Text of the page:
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Dissociable use-dependent processes for volitional goal-directed reaching

Citation

Tsay, Jonathan et al. (2022), Dissociable use-dependent processes for volitional goal-directed reaching, Dryad, Dataset, https://doi.org/10.6078/D1MX4P

Abstract

Repetition of a specific movement biases subsequent actions towards the practiced movement, a phenomenon known as use-dependent learning (UDL). Recent experiments that impose strict constraints on planning time have revealed two sources of use-dependent biases, one arising from dynamic changes occurring during motor planning and another reflecting a stable shift in motor execution. Here, we used a distributional analysis to examine the contribution of these biases in reaching. To create the conditions for UDL, the target appeared at a designated “frequent” location on most trials, and at one of six “rare” locations on other trials. Strikingly, the heading angles were bimodally distributed, with peaks at both frequent and rare target locations. Despite having no constraints on planning time, participants exhibited a robust bias towards the frequent target when movements were self-initiated quickly, the signature of a planning bias; notably, the peak near the rare target was shifted in the frequently practiced direction, the signature of an execution bias. Furthermore, these execution biases were not only replicated in a delayed response task but were also insensitive to reward. Taken together, these results extend our understanding of how volitional movements are influenced by recent experience.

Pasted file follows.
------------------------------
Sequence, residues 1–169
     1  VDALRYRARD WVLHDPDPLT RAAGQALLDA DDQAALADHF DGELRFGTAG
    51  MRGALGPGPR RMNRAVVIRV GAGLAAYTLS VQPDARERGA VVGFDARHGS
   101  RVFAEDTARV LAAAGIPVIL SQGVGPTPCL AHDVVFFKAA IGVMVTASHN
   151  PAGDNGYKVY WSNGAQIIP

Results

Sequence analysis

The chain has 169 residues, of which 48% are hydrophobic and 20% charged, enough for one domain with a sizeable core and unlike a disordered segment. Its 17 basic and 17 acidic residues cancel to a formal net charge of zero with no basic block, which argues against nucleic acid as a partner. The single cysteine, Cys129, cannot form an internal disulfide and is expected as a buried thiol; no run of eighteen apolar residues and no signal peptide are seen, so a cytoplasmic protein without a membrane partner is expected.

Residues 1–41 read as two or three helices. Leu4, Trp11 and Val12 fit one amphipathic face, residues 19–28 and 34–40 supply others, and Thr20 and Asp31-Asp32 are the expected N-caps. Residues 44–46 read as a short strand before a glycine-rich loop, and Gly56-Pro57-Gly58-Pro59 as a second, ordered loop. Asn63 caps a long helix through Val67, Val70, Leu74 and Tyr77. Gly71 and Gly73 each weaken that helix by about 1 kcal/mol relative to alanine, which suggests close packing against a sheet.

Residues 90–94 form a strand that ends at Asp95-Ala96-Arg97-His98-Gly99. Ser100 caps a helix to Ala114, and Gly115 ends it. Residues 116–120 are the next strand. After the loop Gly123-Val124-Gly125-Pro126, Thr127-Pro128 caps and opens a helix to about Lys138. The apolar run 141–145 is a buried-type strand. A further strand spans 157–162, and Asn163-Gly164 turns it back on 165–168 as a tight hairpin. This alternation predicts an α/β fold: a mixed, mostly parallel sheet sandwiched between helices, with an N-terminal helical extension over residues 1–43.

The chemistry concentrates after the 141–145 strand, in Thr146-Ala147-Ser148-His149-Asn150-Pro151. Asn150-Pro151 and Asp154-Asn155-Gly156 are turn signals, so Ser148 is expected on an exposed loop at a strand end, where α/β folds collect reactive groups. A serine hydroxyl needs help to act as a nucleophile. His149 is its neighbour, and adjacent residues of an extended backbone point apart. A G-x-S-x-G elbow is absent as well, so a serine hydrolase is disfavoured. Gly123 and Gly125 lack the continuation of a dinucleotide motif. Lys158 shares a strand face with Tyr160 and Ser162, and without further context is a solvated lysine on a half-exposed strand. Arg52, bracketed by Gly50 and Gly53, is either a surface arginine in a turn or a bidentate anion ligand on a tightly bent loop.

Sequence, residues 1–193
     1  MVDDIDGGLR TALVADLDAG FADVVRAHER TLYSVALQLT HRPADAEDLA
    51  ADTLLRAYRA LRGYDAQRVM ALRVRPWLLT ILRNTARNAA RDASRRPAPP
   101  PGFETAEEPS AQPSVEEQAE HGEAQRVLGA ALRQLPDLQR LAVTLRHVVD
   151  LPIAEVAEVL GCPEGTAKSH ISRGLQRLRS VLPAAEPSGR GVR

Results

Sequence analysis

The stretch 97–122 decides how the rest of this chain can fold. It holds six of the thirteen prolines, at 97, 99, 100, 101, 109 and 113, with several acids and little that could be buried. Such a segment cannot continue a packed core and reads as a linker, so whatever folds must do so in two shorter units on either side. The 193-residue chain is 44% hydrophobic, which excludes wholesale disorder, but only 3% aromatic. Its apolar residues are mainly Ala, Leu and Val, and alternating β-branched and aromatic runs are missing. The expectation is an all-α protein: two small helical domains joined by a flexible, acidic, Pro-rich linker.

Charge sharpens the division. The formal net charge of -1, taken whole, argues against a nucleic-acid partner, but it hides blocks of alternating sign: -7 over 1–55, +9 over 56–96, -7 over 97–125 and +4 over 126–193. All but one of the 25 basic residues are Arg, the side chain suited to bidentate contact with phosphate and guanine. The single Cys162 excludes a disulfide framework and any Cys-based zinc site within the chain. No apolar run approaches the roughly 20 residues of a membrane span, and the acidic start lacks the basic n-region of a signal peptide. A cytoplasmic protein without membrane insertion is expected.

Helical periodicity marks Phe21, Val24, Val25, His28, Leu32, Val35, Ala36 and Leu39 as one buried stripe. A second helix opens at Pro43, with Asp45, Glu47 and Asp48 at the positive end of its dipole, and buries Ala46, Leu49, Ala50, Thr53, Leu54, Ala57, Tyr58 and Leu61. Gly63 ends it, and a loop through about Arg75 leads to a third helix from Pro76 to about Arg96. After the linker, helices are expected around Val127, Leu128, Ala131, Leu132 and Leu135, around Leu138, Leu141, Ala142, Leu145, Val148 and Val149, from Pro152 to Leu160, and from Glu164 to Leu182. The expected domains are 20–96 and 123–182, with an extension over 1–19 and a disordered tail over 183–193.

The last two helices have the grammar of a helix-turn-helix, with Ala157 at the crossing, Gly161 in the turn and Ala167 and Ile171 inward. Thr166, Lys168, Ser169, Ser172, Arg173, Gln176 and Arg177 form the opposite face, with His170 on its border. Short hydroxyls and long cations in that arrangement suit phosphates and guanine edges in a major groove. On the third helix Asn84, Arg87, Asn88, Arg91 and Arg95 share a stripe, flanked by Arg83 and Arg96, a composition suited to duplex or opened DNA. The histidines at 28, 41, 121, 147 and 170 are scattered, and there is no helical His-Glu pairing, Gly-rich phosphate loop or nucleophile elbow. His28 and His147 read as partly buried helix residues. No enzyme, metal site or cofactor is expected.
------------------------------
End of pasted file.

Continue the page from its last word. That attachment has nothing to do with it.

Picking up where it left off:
Funding

Foundation for Physical Therapy

National Institutes of Health